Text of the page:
The four Justices of the Connecticut State Supreme Court who overturned Connecticut’s death penalty law this month were appointed to the high court by former Governor Lowell P. Weicker (Justices Richard Palmer and Flemming Norcott), former Governor M. Jodi Rell (Justice Dennis Eveleigh) and current Governor Dannel P. Malloy (Justice Andrew McDonald). The vote abolishing the death penalty in Connecticut was 4-3, with Justice Palmer joined in the majority by Justices Eveleigh, Norcott and McDonald. None are household names in the state – at least they were not before the decision – which was both widely criticized and highly praised by proponents and opponents of the death penalty, as well as legal observers and legislators.
Three dissenting opinions were written or signed by Chief Justice Chase T. Rogers, appointed to the Court by former Gov. Rell; Justice Peter Zarella, appointed by former Gov. John G. Rowland, and Justice Carmen Elisa Espinosa, appointed by Gov. Malloy.
Thus former Gov. Rell and her successor, Gov. Malloy, each appointed a Justice on each side of the controversial opinion. Two Justices on the majority opinion were appointed by former Gov. Weicker. Former Gov. Rowland's Supreme Court appointee was among the dissenters.
Justice Flemming L. Norcott Jr., who retired at age 70 in October 2013 after sitting on the case in April 2013, was the first African American appointed to the state Appellate Court, in 1987, and five years later was appointed to the state Supreme Court by Gov. Weicker. Justice Carmen Elisa Espinosa became a justice of the Supreme Court on March 6, 2013, having been appointed to the position by Gov. Malloy about six weeks before the case was heard. Justice Espinosa is the first Hispanic Supreme Court Justice in Connecticut. Norcott and Espinosa were on opposite sides of the decision.
Chief Justice Chase T. Rogers, appointed to the Court by former Gov. Rell, was initially nominated to the Superior Court by Rowland in 2006. Associate Justice Peter T. Zarella was nominated by Rowland in 2001. Judge Dennis G. Eveleigh was nominated for the state Supreme Court by Gov. Rell in 2010, after having initially been appointed to the Superior Court in October 1998 by Gov. Rowland.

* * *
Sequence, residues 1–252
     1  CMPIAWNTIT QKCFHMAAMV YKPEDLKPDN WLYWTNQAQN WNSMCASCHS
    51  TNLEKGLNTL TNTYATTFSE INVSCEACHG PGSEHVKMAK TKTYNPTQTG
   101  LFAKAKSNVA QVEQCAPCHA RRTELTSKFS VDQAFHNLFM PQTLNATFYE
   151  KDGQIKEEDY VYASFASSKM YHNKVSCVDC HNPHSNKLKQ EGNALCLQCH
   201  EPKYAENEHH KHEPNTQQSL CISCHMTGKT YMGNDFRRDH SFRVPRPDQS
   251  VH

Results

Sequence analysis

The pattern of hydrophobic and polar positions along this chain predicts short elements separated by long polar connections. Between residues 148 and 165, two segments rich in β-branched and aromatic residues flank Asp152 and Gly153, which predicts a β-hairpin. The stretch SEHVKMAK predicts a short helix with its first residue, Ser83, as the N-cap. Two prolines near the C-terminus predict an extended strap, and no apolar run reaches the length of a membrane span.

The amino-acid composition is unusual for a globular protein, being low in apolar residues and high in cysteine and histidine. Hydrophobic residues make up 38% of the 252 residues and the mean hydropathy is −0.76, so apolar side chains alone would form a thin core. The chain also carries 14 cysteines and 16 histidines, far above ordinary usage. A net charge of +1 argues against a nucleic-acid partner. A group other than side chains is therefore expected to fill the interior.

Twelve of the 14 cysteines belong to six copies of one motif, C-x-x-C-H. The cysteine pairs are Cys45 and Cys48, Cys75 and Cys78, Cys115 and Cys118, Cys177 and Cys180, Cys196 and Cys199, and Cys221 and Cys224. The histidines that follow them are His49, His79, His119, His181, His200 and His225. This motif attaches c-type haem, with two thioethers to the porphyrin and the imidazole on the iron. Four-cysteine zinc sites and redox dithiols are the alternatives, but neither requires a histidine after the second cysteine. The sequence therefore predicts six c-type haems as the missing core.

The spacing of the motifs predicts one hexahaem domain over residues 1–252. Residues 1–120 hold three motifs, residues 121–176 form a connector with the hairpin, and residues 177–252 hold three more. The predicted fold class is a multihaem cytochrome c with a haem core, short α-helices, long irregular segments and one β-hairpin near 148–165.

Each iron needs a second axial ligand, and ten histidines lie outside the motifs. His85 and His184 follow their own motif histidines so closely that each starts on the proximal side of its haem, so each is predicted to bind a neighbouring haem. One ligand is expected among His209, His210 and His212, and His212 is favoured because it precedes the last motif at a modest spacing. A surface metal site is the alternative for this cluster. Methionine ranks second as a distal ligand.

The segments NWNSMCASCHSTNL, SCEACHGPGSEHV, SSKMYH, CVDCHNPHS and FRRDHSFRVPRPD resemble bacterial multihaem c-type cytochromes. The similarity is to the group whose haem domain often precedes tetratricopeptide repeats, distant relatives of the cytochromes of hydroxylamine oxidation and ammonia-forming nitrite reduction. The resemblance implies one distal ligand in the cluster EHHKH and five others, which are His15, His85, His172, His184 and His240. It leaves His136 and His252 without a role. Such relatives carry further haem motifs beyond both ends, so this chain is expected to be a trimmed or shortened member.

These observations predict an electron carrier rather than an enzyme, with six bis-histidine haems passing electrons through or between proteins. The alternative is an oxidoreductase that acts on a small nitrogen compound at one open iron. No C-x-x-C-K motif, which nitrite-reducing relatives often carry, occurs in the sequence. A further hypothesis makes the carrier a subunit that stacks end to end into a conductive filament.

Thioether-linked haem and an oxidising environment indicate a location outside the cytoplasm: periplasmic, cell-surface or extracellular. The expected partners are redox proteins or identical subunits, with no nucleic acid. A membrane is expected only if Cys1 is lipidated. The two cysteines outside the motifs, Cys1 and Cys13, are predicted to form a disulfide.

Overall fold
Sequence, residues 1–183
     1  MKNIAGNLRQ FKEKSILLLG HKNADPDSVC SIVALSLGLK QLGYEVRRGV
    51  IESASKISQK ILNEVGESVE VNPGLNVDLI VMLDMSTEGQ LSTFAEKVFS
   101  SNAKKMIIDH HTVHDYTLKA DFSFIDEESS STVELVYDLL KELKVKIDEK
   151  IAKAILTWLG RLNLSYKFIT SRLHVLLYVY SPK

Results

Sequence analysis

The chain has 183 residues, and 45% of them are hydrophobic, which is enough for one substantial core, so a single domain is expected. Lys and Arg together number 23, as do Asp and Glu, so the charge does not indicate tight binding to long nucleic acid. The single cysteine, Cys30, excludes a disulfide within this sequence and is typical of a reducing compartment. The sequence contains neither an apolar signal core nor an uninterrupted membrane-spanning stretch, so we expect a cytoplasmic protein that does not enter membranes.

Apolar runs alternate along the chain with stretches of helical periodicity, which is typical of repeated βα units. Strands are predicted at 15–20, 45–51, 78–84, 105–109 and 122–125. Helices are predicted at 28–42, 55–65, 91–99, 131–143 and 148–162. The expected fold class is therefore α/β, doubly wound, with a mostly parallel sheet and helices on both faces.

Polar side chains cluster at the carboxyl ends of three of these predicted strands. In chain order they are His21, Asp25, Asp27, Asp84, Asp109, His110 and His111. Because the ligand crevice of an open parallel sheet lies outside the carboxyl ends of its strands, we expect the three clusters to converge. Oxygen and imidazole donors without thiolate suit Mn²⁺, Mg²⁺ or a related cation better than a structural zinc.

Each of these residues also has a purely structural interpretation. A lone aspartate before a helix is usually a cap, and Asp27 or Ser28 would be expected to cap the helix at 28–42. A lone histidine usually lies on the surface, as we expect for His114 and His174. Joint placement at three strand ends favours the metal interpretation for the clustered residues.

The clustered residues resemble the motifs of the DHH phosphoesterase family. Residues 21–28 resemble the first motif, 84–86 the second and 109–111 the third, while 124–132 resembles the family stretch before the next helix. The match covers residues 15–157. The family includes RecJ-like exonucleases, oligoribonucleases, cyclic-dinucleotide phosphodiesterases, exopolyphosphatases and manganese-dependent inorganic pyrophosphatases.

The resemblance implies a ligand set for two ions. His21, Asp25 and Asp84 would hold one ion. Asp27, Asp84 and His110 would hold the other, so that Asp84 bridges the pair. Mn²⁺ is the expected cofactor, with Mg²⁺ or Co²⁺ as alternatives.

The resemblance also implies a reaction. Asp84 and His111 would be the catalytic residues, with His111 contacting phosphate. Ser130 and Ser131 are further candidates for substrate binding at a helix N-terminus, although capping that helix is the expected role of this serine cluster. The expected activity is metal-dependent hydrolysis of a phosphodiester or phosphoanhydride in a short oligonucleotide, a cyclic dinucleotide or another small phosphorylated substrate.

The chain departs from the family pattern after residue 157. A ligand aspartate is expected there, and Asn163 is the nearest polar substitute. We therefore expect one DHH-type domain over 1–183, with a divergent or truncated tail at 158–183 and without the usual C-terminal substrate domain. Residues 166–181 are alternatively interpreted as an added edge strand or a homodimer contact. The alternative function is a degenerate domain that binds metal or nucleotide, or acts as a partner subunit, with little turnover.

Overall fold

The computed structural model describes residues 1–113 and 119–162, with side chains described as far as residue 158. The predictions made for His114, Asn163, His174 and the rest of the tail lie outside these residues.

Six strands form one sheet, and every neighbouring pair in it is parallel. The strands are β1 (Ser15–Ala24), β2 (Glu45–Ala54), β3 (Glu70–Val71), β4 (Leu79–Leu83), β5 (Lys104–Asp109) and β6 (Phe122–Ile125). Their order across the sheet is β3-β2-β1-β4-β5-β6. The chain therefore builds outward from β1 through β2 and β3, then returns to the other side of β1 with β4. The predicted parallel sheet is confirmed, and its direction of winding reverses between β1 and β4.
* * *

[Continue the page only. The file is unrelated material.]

The majority decision, written by Justice Palmer, found flaws in the 2012 death penalty law, which banned "prospective" death sentences, those imposed after the effective date of the law. But the majority wrote that it chose to analyze capital punishment and impose abolition from a broader perspective, according to published reports.
Justice Palmer graduated from Wethersfield High School, attended Trinity College in Hartford, and received his Juris Doctor from the University of Connecticut School of Law. He served as an Assistant United States Attorney for Connecticut from 1980 to 1982 and from 1987 to 1990. In 1991, Justice Palmer was appointed as United State’s Attorney for Connecticut and he was later the Chief State’s Attorney for Connecticut.
Justice Eveleigh received his J. D. from the University of Connecticut School of Law. Upon graduation from law school, Justice Eveleigh served on active duty in the U.S. Army as a First Lieutenant.
Justice McDonald began his public service career in 1993 as a member of the Stamford Board of Representatives, where he served until 1995, prior to his election to the state legislature. McDonald was later Legal Counsel to Gov. Malloy, and was nominated by Malloy to the Supreme Court in 2013, the same year as Espinosa, and a year after the legislature passed the non-retroactive death penalty ban, which was signed into law by Gov. Malloy.
In the case, State v. Santiago, Eduardo Santiago was tried for murder for hire, convicted, and sentenced to death. He appealed his sentence, and while the Court did not find that putting him to death was unconstitutional at the time, it did find that there were issues in his original trial that warranted a new sentencing hearing. While his appeal was pending, the 2012 legislation passed, abolishing the death penalty for crimes committed after April 24, 2012—which Santiago argued was grounds to remove death as a possible penalty. The Court then examined his claim that “the death penalty is no longer consistent with standards of decency in Connecticut and does not serve any valid penological objective.”
Four Justices on majority opinion, L to R, above: Richard Palmer, Flemming Norcott, Dennis Eveleigh and Andrew McDonald.
CT Supreme Court: Seated, L to R, below: Justice Richard N. Palmer, Chief Justice Chase T. Rogers, Justice Peter T. Zarella. Standing, L to R: Justice Carmen E. Espinosa, Justice Andrew J. McDonald, Justice Dennis G. Eveleigh, Justice Richard A. Robinson, Senior Justice Christine S. Vertefeuille. Justice Robinson was appointed to the Court after the Santiago case was heard.